by Thomas Lux
Whatever is too stupid to say can be sung.
The human voice can sing a vowel to break your heart. It trills a string of banal words, but your blood jumps, regardless. You don’t care about the words but only how they’re sung and the music behind-the brass, the drums. Oh the primal, necessary drums behind the words so dumb! That power, the bang and the boom and again the bang we cannot, need not, live without, nor without other means to make sweet noise, the guitar or violin, the things that sing the plaintive, joyful sounds. Which is why I like songs best when I can’t hear the words, or, better still, when there are no words at all.
“Regarding (Most) Songs” by Thomas Lux from The Street of Clocks. © Houghton Mifflin Company, 2001.
Thomas Lux is an American poet that holds the Margaret T. and Henry C. Bourne, Jr. Chair in Poetry at the Georgia Institute of Technology and runs Georgia Tech’s “Poetry at Tech” program.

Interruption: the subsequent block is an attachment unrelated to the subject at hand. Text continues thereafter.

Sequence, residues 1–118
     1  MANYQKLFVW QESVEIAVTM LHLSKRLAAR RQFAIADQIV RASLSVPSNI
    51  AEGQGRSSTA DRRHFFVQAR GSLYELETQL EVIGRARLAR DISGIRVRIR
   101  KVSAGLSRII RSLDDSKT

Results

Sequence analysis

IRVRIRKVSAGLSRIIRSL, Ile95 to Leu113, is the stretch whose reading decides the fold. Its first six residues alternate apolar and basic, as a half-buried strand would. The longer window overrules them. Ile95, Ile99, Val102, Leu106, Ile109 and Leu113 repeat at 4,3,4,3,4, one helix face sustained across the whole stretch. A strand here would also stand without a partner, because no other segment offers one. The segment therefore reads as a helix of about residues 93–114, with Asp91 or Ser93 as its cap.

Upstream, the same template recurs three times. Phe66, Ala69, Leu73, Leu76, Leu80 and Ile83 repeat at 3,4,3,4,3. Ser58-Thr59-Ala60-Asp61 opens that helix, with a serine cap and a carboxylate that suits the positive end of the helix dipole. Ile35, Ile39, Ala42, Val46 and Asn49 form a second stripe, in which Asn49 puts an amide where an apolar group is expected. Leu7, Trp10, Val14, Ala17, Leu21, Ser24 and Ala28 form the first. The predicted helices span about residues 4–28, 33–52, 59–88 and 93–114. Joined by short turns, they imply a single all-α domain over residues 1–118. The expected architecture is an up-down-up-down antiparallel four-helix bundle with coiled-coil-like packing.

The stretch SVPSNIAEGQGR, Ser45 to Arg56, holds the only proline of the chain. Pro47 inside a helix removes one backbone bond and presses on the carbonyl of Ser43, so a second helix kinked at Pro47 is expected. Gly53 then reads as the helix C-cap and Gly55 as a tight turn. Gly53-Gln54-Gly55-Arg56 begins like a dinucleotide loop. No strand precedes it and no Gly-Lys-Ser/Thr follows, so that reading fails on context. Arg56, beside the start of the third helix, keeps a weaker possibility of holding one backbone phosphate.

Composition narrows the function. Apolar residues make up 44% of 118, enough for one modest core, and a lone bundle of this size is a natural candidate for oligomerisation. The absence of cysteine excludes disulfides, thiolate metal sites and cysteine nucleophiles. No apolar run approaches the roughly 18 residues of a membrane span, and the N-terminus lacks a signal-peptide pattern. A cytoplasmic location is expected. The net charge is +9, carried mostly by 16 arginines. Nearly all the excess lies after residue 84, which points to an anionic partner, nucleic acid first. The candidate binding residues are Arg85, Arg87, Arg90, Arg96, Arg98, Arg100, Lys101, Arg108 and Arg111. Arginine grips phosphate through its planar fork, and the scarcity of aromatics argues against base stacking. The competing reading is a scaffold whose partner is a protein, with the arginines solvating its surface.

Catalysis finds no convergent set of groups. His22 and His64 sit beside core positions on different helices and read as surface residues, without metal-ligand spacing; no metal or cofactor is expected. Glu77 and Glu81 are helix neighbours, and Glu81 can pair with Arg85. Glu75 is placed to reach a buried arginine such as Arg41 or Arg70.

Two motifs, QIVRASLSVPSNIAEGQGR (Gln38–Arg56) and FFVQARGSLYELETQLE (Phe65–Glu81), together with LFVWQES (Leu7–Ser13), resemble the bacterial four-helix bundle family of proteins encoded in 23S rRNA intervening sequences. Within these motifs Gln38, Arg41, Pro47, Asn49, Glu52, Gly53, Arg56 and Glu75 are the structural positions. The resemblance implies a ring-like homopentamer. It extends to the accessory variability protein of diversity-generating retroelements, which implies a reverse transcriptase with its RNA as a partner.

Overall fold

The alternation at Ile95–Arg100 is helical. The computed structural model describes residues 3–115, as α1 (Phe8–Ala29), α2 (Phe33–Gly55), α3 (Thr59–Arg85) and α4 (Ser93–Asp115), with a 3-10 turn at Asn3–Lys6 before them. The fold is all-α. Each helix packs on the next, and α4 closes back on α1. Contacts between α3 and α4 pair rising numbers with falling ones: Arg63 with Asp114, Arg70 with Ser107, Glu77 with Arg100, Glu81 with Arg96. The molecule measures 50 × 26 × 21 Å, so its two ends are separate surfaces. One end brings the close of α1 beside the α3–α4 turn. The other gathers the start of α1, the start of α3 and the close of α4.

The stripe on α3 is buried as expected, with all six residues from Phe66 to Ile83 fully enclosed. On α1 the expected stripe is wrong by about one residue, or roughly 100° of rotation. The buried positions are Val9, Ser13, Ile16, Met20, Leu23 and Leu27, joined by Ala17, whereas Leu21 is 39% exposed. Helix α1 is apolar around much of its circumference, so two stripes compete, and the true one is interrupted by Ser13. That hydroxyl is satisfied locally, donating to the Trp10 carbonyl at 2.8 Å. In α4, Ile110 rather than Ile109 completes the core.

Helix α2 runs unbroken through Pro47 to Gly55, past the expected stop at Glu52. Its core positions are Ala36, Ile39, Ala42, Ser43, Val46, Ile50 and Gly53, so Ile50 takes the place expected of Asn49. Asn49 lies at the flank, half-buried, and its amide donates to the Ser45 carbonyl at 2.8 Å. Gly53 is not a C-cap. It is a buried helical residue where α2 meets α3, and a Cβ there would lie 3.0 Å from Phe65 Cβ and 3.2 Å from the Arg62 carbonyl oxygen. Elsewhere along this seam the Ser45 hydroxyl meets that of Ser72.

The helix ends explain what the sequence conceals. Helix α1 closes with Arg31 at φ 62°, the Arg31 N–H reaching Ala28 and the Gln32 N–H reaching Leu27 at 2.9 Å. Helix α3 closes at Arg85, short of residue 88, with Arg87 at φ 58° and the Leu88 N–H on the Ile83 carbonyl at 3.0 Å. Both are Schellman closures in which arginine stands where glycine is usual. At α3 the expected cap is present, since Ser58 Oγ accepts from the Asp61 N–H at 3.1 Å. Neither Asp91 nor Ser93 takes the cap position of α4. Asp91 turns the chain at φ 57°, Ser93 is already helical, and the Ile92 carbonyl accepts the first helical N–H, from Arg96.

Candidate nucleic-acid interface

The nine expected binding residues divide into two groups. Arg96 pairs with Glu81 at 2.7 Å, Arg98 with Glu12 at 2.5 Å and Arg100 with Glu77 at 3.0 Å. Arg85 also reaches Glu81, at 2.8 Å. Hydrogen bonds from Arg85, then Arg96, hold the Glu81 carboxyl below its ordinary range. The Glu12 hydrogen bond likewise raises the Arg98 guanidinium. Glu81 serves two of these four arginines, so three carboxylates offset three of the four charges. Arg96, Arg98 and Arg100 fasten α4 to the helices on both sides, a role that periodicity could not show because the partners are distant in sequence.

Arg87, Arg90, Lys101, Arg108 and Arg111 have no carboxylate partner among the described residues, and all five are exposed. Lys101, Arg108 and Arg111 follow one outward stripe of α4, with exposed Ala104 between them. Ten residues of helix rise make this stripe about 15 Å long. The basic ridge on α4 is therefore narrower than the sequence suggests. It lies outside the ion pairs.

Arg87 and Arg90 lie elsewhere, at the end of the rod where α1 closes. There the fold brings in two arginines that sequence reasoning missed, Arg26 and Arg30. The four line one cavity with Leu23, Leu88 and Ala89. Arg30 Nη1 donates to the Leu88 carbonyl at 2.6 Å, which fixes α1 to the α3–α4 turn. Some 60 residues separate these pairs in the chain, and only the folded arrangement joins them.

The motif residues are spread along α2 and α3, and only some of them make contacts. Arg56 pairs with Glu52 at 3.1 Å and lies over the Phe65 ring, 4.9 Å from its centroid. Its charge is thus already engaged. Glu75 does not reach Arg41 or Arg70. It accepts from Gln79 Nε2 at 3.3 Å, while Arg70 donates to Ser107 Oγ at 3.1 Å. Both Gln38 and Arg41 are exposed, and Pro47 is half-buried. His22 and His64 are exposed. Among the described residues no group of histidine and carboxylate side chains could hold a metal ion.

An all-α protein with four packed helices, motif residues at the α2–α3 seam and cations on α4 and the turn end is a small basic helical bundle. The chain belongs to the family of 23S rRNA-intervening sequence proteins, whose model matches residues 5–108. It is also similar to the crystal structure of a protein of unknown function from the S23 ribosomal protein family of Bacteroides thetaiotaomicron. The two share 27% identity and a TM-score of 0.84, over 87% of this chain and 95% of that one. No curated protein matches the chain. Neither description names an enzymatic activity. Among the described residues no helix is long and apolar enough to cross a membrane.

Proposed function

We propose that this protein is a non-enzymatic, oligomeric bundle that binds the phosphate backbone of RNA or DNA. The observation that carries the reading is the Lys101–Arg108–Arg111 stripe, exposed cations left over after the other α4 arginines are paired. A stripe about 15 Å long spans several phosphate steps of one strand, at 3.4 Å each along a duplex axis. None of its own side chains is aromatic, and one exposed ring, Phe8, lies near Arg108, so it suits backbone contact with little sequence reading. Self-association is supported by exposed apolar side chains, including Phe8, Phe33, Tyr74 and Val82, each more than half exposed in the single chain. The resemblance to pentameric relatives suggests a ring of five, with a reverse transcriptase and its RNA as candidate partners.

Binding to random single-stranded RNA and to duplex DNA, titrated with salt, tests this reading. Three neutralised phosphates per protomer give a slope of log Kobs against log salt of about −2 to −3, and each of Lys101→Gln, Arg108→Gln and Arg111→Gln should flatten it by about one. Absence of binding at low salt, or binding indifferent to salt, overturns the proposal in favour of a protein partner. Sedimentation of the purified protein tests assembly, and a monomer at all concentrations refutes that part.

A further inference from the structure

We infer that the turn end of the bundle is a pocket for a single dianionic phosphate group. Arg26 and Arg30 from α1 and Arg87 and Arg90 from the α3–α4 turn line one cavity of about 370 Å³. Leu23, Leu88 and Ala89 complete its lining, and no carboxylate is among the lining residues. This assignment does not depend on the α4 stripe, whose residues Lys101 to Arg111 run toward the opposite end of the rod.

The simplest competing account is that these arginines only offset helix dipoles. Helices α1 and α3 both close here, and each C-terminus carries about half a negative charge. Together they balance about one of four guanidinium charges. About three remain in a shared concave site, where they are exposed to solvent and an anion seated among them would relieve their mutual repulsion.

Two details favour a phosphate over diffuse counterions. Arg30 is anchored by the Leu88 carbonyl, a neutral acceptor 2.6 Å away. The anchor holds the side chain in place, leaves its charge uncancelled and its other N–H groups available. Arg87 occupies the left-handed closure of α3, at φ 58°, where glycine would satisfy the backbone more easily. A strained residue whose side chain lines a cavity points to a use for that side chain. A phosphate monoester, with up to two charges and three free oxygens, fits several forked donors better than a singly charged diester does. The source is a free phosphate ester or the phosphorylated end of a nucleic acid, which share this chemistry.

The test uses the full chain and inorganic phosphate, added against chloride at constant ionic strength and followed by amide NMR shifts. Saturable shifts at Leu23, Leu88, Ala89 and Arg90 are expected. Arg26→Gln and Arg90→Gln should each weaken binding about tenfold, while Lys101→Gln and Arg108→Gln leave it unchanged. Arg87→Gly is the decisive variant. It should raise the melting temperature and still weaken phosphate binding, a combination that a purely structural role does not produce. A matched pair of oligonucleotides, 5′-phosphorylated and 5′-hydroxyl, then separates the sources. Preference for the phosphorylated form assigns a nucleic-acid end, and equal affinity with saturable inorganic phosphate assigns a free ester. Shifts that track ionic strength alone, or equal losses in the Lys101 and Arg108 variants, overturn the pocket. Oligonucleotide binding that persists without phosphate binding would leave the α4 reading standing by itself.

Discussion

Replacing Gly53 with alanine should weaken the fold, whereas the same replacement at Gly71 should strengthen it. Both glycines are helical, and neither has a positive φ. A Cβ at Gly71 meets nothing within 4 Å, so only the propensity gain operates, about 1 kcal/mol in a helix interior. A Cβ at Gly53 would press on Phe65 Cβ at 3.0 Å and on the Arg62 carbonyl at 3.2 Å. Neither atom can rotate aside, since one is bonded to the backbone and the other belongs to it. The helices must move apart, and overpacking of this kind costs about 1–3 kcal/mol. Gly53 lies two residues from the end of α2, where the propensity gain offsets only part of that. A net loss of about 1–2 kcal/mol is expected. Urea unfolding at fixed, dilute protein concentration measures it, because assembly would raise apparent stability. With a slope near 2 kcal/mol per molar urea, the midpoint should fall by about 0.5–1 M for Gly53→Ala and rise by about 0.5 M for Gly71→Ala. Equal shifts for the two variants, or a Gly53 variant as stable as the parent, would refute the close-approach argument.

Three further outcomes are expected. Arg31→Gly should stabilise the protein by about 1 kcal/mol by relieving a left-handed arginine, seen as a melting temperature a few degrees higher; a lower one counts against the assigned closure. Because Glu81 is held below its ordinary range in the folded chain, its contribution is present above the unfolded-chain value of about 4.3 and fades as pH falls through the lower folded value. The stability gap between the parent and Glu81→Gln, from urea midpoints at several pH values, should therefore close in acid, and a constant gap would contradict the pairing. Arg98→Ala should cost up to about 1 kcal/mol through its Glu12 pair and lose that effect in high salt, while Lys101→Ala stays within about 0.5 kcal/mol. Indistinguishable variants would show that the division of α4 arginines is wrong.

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by Thomas Lux
The high-tension spires spike the sky
beneath which boys bend
to pick from prickly vines
the deep-sopped fruit, the rind’s green
a green sunk
in green. They part the plants’ leaves,
reach into the nest,
and pull out mother, father, fat Uncle Phil.
The smaller yellow-green children stay,
for now. The fruit goes
in baskets by the side of the row,
every thirty feet or so. By these bushels
the boys get paid, in cash,
at day’s end, this summer
of the last days of the empire
that will become known as
the past, adios, then,
the ragged-edged beautiful blink.
“Cucumber Fields Crossed by High Tension Wires” by Thomas Lux from The Street of Clocks. © Houghton Mifflin Company, 2001. Reprinted with permission.
Thomas Lux is an American poet that holds the Margaret T. and Henry C. Bourne, Jr. Chair in Poetry at the Georgia Institute of Technology and runs Georgia Tech’s “Poetry at Tech” program. Wikipedia